BHP was not prepared to overpay for Anglo American

Anglo American workers at underground operations in South Africa. Picture: Supplied

Anglo American workers at underground operations in South Africa. Picture: Supplied

Published May 31, 2024


BHP walked away from its nearly $50 billion (R898bn) offer for Anglo American as it was not willing to overpay and compromise on what it believed to be the right strategy and structure of the London- and Johannesburg-listed resource group.

This comes as Anglo American on Wednesday rejected BHP’s request for further extension to the May 29 deadline for it to make a firm offer, resulting in BHP walking away from making a firm offer as required by London listing rules.

“BHP Group Ltd confirms that it does not intend to make a firm offer for Anglo American plc,” BHP said in a statement shortly before the 5pm London deadline.

Analysts have said that BHP walked away because it was not willing to overpay for Anglo American.

“BHP walks away from Anglo deal. (It is) not prepared to overpay,” said Wayne McCurrie, FNB wealth and investments analyst.

McCurrie said the focus would now be on how Anglo American progresses with its restructuring plans that include disposing of diamond producer De Beers and Anglo American Platinum (Amplats).

Fund managers in South Africa told Business Report yesterday that BHP believed that Amplats and Kumba Iron Ore would not be necessary for its portfolio.

They said this was a major point of disagreement in negotiations between the two companies.

According to Anglo American, engagements between the two companies over the past week had failed to reach a common position.

“On 28 May 2024, BHP put forward a limited number of socio-economic measures that were confined in scope, impact and duration and that BHP stated would support regulatory approvals,” Anglo American said in a statement.

With the clock ticking and only a few minutes before the deadline on Wednesday, BHP confirmed that it would not be making a firm offer for Anglo American.

“While we believed that our proposal for Anglo American was a compelling opportunity to effectively grow the pie of value for both sets of shareholders, we were unable to reach agreement with Anglo American on our specific views in respect of South African regulatory risk and cost,” said Mike Henry, the CEO of BHP.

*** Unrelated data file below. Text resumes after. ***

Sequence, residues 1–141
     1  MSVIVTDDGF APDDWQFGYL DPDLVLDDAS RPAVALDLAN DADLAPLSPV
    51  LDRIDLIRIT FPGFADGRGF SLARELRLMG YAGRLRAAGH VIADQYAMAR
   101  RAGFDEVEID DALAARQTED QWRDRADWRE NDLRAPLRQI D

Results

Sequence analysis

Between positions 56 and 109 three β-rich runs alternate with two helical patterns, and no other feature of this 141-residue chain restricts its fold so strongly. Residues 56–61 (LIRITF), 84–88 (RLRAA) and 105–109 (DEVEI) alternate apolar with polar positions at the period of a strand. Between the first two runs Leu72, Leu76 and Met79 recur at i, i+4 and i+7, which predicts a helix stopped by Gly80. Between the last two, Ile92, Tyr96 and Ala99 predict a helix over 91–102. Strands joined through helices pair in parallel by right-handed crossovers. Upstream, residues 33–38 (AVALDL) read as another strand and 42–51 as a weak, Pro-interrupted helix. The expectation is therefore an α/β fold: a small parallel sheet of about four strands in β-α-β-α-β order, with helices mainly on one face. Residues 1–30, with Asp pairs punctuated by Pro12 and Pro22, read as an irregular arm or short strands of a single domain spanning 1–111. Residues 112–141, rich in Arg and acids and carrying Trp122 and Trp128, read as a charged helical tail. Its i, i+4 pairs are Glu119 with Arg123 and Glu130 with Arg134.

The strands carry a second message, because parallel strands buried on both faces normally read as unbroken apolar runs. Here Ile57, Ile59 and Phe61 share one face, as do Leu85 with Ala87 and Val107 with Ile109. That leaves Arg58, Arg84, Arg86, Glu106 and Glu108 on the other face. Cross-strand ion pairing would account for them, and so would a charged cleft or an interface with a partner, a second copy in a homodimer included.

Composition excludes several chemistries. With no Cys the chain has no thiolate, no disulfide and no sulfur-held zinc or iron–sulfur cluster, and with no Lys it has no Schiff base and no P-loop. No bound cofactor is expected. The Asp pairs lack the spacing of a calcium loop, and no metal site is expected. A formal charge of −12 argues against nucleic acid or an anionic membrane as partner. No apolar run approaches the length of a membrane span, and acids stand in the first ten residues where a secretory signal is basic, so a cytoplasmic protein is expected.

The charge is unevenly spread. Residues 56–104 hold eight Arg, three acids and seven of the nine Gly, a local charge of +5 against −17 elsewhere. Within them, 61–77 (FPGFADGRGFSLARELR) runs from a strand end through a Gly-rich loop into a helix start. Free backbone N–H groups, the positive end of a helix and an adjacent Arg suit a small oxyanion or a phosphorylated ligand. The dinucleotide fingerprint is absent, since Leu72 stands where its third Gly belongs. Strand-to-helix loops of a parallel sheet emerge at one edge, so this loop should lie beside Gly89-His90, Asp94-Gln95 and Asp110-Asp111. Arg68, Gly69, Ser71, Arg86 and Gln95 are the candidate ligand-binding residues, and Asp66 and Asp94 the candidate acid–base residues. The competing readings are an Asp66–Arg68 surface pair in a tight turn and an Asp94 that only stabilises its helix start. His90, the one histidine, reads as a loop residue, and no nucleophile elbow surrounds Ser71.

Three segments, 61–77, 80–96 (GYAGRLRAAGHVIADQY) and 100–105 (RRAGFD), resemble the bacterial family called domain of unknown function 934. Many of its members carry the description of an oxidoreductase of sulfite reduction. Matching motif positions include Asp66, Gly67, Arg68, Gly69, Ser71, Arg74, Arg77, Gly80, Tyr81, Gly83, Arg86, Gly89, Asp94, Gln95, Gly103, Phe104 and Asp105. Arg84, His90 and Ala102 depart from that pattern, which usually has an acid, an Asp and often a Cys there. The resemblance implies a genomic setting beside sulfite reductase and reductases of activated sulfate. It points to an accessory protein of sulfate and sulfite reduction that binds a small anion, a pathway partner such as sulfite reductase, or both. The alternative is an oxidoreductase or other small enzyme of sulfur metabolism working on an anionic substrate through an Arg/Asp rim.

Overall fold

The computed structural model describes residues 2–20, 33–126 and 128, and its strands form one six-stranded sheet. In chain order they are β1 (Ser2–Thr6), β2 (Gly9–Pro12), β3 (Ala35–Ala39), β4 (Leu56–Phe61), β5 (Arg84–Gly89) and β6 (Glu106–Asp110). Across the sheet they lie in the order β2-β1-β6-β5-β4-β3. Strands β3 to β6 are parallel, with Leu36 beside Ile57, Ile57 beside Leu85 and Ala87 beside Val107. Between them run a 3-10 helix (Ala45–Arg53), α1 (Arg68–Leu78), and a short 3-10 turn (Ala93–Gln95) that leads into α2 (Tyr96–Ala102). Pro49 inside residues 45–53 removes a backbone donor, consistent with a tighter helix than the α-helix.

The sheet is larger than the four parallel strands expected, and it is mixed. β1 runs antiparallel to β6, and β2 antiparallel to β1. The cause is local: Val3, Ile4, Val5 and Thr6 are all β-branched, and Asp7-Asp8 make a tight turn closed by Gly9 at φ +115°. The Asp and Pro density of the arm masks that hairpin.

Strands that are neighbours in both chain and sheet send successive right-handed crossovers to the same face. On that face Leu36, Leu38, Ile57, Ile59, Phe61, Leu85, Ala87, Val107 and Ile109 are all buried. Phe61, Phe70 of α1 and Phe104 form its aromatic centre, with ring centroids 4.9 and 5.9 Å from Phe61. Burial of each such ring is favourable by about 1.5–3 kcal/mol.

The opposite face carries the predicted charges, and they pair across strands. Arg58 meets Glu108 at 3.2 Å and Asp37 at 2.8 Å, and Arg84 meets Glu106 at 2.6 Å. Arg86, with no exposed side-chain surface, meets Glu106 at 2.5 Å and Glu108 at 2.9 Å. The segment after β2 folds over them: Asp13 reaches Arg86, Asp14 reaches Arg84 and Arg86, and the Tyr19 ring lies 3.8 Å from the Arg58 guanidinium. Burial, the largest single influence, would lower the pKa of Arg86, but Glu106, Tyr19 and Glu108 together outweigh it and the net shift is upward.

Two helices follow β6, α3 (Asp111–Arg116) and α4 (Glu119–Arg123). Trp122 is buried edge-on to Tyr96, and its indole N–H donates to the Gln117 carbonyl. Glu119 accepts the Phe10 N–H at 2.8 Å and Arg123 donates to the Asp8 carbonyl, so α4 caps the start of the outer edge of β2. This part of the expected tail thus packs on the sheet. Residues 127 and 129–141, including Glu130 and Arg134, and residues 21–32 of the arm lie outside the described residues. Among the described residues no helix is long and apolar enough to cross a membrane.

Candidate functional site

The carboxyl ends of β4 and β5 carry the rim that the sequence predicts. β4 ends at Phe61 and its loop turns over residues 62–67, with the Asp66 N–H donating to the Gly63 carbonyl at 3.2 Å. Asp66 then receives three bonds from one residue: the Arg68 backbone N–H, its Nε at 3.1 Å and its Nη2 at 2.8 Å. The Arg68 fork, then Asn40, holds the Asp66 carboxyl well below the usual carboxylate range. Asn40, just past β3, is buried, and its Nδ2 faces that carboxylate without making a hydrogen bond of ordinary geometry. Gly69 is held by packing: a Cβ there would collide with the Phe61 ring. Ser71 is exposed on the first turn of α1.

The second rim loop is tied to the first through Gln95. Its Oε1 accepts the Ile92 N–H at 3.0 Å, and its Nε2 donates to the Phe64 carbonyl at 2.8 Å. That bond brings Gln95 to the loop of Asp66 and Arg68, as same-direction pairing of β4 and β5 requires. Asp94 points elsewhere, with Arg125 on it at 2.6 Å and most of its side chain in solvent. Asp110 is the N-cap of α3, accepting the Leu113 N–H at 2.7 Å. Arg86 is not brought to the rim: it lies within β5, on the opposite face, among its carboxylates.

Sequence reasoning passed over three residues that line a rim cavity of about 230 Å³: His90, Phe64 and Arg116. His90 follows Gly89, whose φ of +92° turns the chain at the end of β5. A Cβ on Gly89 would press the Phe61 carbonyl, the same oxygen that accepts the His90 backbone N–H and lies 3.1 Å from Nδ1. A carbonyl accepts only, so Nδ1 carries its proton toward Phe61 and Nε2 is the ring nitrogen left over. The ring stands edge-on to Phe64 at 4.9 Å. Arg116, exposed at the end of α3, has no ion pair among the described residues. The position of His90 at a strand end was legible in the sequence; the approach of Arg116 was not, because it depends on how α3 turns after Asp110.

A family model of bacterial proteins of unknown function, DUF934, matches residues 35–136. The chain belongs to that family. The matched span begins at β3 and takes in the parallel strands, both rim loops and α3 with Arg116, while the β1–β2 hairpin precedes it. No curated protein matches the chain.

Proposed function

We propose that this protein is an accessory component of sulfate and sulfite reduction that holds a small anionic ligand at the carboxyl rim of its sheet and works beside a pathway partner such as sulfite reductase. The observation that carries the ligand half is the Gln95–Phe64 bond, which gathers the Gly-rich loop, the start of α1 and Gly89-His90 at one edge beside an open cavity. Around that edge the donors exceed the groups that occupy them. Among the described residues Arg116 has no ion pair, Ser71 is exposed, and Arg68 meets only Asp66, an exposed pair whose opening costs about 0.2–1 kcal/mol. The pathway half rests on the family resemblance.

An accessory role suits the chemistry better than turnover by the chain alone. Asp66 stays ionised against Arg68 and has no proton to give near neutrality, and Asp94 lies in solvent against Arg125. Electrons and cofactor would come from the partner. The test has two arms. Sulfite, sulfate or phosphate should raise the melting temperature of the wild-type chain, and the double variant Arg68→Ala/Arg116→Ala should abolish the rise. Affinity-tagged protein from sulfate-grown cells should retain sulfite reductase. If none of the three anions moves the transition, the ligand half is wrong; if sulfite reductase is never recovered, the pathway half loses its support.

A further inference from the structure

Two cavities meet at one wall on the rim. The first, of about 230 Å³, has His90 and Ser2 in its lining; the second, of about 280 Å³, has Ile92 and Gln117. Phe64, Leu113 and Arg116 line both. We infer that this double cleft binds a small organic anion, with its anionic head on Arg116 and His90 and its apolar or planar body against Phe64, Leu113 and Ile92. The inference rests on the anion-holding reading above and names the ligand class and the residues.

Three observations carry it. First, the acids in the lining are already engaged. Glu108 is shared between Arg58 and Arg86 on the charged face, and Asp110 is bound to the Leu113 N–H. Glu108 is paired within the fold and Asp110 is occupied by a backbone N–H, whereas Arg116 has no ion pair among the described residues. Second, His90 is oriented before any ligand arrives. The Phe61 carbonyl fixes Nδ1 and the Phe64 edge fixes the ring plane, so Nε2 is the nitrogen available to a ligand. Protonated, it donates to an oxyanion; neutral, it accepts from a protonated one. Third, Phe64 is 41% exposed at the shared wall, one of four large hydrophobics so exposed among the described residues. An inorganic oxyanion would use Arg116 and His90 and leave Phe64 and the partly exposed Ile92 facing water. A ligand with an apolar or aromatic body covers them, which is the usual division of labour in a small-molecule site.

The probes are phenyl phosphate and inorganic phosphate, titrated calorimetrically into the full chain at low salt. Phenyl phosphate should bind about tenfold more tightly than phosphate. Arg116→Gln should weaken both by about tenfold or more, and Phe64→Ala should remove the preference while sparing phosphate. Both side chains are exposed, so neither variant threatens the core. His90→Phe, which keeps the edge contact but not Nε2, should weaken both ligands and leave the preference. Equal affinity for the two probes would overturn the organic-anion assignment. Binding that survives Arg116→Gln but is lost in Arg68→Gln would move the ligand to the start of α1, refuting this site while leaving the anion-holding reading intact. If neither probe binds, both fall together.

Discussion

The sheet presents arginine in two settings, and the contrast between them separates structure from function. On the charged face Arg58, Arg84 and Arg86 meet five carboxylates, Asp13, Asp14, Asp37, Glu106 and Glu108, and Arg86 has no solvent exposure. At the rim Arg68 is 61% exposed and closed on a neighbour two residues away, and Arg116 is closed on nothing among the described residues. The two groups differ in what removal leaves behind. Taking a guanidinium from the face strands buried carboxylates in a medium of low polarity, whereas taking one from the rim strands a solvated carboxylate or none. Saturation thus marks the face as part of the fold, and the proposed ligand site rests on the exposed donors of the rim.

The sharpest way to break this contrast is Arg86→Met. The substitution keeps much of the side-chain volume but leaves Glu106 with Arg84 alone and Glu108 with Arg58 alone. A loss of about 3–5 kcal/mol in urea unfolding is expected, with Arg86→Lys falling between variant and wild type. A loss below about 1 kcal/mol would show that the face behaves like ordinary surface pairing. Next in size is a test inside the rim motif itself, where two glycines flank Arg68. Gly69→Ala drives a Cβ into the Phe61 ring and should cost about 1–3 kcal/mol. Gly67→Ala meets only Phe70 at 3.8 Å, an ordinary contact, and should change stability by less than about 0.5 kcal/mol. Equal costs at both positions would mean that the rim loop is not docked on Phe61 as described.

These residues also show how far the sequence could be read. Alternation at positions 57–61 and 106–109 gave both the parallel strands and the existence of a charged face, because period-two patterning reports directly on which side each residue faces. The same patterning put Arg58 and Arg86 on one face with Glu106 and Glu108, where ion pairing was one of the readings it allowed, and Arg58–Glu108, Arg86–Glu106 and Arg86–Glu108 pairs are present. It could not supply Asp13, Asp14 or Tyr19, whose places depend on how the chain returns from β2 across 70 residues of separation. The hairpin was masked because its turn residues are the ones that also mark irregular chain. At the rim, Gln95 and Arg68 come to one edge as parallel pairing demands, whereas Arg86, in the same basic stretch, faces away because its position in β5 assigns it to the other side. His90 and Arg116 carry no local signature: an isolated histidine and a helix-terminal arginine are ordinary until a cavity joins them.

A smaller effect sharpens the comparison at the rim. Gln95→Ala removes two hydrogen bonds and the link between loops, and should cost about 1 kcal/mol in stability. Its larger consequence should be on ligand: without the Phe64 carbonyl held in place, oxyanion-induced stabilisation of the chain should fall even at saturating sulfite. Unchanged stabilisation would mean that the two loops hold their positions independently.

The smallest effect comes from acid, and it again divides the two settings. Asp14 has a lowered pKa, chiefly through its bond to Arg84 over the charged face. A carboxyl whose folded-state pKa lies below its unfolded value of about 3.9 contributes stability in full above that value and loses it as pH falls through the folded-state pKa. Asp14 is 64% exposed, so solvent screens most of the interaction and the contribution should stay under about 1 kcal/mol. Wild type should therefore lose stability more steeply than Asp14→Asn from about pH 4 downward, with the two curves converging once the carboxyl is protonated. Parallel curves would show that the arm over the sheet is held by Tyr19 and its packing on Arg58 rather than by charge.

“We remain of the view that our proposal was the most effective structure to deliver value for Anglo American shareholders, and we are confident that, working together with Anglo American, we could have obtained all required regulatory approvals, including in South Africa.”

Although BHP walked away from making a firm offer for Anglo American, it said it would set aside this decision on certain conditions.

These include “the board of directors of Anglo American agreeing to this statement being set aside” and “a third party announcing a firm intention to make an offer for Anglo American” as well as Anglo American announcing a “waiver proposal or a reverse” takeover.

BHP insisted on Wednesday that the proposed measures it had put forward provided substantial risk protection for Anglo American shareholders and supplemented the significant value uplift that Anglo American shareholders would receive from its acquisition of the Johannesburg- and London-listed group.

BHP said the initial extension of the deadline provided it the opportunity to engage with Anglo American about its concerns regarding BHP’s proposal.

“Since the extension to the deadline, BHP has continued to work extensively to address those matters. This has included several engagements with Anglo American and its advisers,” it said.

The Australian company had proposed a range of socio-economic measures intended to address Anglo American’s concerns.

For example, it was willing to discuss an appropriate reverse break fee, payable by BHP, on failure to achieve the necessary anti-trust and regulatory approvals, including in South Africa.

Its offer also comprised leeway to retain Anglo Platinum and Kumba Iron Ore’s listings on the JSE while also maintaining its listing on the JSE.

JP Morgan Chase analysts said that if concluded, the BHP offer for Anglo American could result in outflows of as much as $4.3bn from South Africa.

“The BHP proposal is in clear contrast to Anglo American’s simpler stand-alone plan to accelerate value delivery, as announced on 14 May 2024,” said Anglo American.